Saturday, July 4, 2015

Happy Insurrection Day.

First got that phrase from Grigg, and I can't help using it.  Far more accurate than any of this "celebrate our military might" craptastic, at any rate.

It's been six years now since I did my comment on Independence Day, ... and I still don't feel the need to change anything.

It does me well to remember, now that the Fourth of July is here and all the banners and colors are in evidence, just what the observance is supposed to be for.

The Fourth of July is not the day the Constitution was signed or ratified.

It's not even when the Bill of Rights (and with it the legitimacy of the Constitution) was ratified.

It has nothing--nothing--to do with self-congratulatory, chest-thumping military displays.

It has nothing to do with any sort of flag.

It has nothing to do with faithfulness or loyalty to your government.

In fact, if you read the document that the Fourth actually celebrates, you find some interesting things, including:

  • This is about declaring that a people are ultimately independent from, and therefore above, their government.
  • This is about declaring the right to revolt against a government that has stopped representing its people.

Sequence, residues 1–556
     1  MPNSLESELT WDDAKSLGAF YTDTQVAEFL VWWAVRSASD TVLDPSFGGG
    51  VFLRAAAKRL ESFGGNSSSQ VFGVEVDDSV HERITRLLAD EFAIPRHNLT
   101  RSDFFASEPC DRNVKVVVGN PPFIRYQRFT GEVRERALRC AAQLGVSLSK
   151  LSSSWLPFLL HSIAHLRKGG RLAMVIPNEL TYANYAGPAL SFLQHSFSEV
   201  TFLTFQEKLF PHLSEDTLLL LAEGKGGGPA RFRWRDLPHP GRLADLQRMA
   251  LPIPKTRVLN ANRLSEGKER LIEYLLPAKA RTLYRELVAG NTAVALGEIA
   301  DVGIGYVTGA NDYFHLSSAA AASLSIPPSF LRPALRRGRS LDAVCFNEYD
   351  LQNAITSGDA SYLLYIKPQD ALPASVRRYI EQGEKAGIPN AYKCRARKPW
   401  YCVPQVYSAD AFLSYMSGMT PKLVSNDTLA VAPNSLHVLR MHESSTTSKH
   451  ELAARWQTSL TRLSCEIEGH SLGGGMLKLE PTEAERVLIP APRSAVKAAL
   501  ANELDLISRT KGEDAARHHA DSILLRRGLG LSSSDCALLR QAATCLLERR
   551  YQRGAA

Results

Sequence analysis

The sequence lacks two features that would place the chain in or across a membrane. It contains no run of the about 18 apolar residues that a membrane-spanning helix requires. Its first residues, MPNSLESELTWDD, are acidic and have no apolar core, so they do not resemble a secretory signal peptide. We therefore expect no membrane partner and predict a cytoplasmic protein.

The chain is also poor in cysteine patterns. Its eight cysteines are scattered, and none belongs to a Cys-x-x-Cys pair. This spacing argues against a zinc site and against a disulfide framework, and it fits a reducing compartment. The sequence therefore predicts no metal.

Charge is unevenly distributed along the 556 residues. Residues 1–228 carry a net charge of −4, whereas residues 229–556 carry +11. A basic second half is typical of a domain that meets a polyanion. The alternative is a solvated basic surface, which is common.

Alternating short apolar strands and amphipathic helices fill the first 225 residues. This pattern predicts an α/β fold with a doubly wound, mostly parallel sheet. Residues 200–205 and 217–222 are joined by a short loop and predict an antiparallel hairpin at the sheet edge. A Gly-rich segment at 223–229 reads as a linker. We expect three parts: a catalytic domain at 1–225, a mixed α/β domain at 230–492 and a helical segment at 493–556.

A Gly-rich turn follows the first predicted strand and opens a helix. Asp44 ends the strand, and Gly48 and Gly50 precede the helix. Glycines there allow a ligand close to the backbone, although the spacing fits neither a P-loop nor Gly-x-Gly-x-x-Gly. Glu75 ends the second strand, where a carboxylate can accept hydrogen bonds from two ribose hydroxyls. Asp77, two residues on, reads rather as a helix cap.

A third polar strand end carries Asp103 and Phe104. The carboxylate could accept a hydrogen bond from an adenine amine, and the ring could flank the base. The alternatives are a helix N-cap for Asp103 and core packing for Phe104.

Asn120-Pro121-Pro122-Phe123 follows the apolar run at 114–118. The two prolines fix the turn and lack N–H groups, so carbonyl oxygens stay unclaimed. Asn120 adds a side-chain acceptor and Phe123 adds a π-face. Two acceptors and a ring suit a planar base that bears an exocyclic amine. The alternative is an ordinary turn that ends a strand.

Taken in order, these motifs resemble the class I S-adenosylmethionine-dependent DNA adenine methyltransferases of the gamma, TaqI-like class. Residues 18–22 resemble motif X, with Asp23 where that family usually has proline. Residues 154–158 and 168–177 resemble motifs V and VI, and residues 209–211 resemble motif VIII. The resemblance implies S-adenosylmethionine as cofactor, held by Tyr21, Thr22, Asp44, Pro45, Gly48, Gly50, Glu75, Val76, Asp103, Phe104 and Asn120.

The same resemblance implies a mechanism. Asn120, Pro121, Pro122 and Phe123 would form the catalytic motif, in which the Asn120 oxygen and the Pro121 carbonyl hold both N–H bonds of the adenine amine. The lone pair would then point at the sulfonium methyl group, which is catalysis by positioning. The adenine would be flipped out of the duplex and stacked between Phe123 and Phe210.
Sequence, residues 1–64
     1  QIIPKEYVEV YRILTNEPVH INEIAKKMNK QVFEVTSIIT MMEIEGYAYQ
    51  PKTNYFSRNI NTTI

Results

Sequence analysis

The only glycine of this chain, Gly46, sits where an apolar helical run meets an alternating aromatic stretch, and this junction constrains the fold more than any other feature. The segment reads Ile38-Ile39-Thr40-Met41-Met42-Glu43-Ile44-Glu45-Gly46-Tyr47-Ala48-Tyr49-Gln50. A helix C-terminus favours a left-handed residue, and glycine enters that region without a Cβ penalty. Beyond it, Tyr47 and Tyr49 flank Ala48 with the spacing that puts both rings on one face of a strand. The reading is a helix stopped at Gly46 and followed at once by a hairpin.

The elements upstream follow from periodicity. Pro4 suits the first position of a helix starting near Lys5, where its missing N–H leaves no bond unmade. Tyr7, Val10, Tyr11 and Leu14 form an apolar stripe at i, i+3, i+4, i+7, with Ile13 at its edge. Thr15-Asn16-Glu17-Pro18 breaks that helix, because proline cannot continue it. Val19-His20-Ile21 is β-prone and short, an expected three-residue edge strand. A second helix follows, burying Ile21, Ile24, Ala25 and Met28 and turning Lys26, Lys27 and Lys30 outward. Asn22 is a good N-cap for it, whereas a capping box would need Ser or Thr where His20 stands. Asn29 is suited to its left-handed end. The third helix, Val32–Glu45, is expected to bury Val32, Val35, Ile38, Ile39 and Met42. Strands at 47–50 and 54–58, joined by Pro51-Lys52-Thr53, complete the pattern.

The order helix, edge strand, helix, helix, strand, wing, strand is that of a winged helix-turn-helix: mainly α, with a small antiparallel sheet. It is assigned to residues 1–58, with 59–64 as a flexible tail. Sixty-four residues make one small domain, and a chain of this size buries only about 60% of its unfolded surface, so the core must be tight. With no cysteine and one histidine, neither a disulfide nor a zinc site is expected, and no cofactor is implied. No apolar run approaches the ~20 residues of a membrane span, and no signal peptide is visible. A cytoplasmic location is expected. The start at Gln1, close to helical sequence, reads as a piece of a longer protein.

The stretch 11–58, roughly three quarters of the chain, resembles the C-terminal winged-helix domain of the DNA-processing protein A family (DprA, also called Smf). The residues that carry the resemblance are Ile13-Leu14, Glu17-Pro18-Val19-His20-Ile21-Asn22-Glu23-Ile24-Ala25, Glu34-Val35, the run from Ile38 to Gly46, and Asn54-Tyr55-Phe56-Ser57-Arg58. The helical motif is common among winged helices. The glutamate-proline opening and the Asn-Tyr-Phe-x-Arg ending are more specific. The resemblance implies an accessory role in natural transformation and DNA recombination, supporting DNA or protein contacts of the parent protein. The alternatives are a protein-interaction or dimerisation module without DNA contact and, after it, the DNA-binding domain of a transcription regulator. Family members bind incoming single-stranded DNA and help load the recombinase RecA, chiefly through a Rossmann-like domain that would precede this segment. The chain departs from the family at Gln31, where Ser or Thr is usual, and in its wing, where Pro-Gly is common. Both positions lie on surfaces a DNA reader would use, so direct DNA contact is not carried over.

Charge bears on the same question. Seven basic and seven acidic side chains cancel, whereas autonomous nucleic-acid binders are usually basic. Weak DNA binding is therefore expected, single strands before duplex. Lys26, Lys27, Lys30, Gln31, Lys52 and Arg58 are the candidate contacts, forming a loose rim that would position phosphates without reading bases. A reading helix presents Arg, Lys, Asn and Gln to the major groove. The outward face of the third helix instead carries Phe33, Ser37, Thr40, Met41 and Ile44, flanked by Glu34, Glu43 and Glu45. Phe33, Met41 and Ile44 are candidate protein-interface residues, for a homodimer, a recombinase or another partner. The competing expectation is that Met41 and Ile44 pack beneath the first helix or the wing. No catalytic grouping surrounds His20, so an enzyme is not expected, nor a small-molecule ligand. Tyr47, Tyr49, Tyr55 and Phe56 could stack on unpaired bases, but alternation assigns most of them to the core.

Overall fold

• This is about people willing to stand up and become military targets of their own government.
These folks were revolutionaries.  They were secessionists.  They were seditionists.  No doubt King George considered them "terrorists" and "traitors", guilty of "treason" toward the duly constituted authoritah of the time.

And we celebrate the Fourth of July today, not only because they stood up and said, "we've had enough of your abuses and are no longer subject to your rule", but then had the moxie to fight back when George called them on it.

Think about that.  These people opened fire on their own government, when said government came to take away their stockpiles of unlicensed, unregistered, long-range, (better than) military-style arms.  They organized and fought a guerrilla insurrection rather than continue to endure a government that did not serve, reflect or benefit them.  And, perhaps to the surprise of everyone including themselves, they prevailed.

Isn't it funny how times have changed.  Criticizing the government is now only done by kooks and loonies, who of course should be rounded up and added to the ever-growing list of potential terrorists.  Quoting the Constitution or Bill of Rights is now considered impertinent enough to get you on the list.  And the Fourth of July is now all about wearing the team colors, whooping it up for the coach in Washington, and celebrating with displays of military might.  All while you shut up and pay your taxes, so nobody gets hurt.

Because, you know, times are so different now.
Please do celebrate the Fourth of July--for what it is.  IndependenceDay.  Go read the Declaration of Independence, and talk about it.  It may not be a casual conversation, but it's one worth having.

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